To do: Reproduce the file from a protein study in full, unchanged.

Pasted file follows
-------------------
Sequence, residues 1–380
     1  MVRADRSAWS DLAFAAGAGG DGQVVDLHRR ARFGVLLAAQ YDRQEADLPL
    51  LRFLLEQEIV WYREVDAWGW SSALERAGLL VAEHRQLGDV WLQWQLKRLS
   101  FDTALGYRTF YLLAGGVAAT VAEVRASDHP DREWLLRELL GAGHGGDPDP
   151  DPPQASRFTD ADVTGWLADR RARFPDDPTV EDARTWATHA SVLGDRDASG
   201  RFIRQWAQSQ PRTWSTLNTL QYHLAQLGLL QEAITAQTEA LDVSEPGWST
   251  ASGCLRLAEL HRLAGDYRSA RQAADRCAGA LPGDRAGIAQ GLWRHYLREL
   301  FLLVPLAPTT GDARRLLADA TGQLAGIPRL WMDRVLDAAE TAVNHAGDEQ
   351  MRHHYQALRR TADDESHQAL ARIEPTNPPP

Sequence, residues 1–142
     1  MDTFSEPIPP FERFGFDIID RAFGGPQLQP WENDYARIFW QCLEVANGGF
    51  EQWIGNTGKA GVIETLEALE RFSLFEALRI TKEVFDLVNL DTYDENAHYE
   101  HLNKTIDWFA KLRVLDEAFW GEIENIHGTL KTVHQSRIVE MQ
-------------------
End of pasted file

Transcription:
Sequence, residues 1–380
     1  MVRADRSAWS DLAFAAGAGG DGQVVDLHRR ARFGVLLAAQ YDRQEADLPL
    51  LRFLLEQEIV WYREVDAWGW SSALERAGLL VAEHRQLGDV WLQWQLKRLS
   101  FDTALGYRTF YLLAGGVAAT VAEVRASDHP DREWLLRELL GAGHGGDPDP
   151  DPPQASRFTD ADVTGWLADR RARFPDDPTV EDARTWATHA SVLGDRDASG
   201  RFIRQWAQSQ PRTWSTLNTL QYHLAQLGLL QEAITAQTEA LDVSEPGWST
   251  ASGCLRLAEL HRLAGDYRSA RQAADRCAGA LPGDRAGIAQ GLWRHYLREL
   301  FLLVPLAPTT GDARRLLADA TGQLAGIPRL WMDRVLDAAE TAVNHAGDEQ
   351  MRHHYQALRR TADDESHQAL ARIEPTNPPP

Sequence, residues 1–142
     1  MDTFSEPIPP FERFGFDIID RAFGGPQLQP WENDYARIFW QCLEVANGGF
    51  EQWIGNTGKA GVIETLEALE RFSLFEALRI TKEVFDLVNL DTYDENAHYE
   101  HLNKTIDWFA KLRVLDEAFW GEIENIHGTL KTVHQSRIVE MQ